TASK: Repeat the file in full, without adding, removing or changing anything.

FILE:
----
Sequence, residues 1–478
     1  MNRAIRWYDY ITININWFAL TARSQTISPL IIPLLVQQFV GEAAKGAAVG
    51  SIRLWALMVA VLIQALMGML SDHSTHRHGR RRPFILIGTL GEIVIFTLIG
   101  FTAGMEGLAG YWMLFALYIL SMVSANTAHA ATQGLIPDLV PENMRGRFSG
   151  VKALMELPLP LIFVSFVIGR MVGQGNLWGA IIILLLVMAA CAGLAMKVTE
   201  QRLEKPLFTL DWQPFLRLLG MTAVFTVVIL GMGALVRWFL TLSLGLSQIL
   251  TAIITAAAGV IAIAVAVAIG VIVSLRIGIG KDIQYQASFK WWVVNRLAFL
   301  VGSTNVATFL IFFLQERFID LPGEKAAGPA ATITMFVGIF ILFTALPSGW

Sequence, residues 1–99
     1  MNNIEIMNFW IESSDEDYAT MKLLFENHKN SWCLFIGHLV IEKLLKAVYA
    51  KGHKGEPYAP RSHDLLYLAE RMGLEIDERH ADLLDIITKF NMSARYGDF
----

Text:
Sequence, residues 1–478
     1  MNRAIRWYDY ITININWFAL TARSQTISPL IIPLLVQQFV GEAAKGAAVG
    51  SIRLWALMVA VLIQALMGML SDHSTHRHGR RRPFILIGTL GEIVIFTLIG
   101  FTAGMEGLAG YWMLFALYIL SMVSANTAHA ATQGLIPDLV PENMRGRFSG
   151  VKALMELPLP LIFVSFVIGR MVGQGNLWGA IIILLLVMAA CAGLAMKVTE
   201  QRLEKPLFTL DWQPFLRLLG MTAVFTVVIL GMGALVRWFL TLSLGLSQIL
   251  TAIITAAAGV IAIAVAVAIG VIVSLRIGIG KDIQYQASFK WWVVNRLAFL
   301  VGSTNVATFL IFFLQERFID LPGEKAAGPA ATITMFVGIF ILFTALPSGW

Sequence, residues 1–99
     1  MNNIEIMNFW IESSDEDYAT MKLLFENHKN SWCLFIGHLV IEKLLKAVYA
    51  KGHKGEPYAP RSHDLLYLAE RMGLEIDERH ADLLDIITKF NMSARYGDF